William Roscoe

Cyrus Redding, in Fifty Years' Recollections (1858) 2:191.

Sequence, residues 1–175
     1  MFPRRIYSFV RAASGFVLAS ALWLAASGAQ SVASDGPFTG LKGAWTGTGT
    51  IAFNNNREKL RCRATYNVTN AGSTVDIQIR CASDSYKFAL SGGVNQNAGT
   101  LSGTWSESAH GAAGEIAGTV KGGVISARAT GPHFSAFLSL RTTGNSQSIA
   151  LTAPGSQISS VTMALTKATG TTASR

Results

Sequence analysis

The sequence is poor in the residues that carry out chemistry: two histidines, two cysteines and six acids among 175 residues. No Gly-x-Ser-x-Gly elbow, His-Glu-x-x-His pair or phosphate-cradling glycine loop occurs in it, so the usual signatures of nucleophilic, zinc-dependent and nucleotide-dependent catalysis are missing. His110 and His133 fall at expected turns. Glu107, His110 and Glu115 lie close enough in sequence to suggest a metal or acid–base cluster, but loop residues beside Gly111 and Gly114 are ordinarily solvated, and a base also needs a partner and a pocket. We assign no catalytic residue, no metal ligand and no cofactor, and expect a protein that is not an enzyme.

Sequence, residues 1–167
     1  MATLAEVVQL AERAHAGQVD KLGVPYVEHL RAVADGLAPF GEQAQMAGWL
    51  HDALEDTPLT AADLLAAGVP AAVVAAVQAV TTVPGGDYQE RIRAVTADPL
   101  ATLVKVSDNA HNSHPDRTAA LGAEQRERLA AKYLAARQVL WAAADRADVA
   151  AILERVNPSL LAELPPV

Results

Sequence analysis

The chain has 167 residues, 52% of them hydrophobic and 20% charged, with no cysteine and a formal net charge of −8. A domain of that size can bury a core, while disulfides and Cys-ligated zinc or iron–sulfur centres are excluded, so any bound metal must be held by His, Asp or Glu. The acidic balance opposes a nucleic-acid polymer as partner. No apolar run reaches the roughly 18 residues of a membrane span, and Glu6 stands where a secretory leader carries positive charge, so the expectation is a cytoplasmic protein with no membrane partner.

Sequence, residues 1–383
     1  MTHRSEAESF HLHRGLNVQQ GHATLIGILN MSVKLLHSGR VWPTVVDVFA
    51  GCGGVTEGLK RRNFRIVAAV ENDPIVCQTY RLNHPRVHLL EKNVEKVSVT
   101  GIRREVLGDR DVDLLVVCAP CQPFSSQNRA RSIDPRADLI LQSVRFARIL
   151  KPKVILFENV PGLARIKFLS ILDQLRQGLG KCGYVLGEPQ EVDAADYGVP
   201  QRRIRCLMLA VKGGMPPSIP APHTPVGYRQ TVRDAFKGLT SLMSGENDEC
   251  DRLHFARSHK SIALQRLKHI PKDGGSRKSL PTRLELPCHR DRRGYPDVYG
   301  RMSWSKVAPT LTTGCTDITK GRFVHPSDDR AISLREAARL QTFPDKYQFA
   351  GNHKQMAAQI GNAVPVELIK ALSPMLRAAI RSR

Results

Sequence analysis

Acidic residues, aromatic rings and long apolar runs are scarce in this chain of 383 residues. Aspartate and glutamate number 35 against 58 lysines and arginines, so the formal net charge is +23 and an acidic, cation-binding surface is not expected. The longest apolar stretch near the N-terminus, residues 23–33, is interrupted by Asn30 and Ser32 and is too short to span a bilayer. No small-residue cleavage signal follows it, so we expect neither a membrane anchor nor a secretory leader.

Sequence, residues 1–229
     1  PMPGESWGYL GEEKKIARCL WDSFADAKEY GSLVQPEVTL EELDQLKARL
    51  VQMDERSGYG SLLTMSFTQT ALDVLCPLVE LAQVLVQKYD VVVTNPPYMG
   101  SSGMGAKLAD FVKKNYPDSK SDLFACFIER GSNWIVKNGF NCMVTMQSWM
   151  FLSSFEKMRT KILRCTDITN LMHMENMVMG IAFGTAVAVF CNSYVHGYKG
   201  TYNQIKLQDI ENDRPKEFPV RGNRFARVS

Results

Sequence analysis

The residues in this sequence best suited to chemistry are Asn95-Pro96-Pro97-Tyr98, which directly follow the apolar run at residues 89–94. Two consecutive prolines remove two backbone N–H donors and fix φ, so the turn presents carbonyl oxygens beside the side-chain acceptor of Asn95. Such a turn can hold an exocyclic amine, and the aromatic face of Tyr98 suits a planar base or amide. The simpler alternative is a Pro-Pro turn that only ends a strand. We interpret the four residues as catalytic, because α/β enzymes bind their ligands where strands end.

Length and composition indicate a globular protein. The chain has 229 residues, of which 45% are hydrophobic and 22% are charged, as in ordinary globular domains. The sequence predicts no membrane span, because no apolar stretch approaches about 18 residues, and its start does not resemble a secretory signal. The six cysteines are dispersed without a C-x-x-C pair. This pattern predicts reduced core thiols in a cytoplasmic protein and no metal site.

We had, I remember, a breakfast party in Wigmore Street. The venerable patriarch and historian, Mr. Roscoe, then nearly eighty years of age, was present. Rogers and Campbell, I forgot who besides, were of the party. We waited long for the Poet of Memory, who always lay long in bed. During the interval, I could not help admiring once more, and for the last time, the fine old Roman character, or what I fancy to be so, of Roscoe. His countenance, stature, bearing, all well-sustained the illusion. It is seldom celebrated personages carry with them so close an alliance between noble personal appearance and mental excellence. His reputation is fully sustained, whose only lasting reputation is to be preserved in the better and wiser intellects of the age. He was one of man's true nobility, a race that the breath of kings can neither make nor unmake. No two individuals could exhibit contrasts more strikingly opposed than Roscoe and Foscolo. But the minds of both were of the richest ore.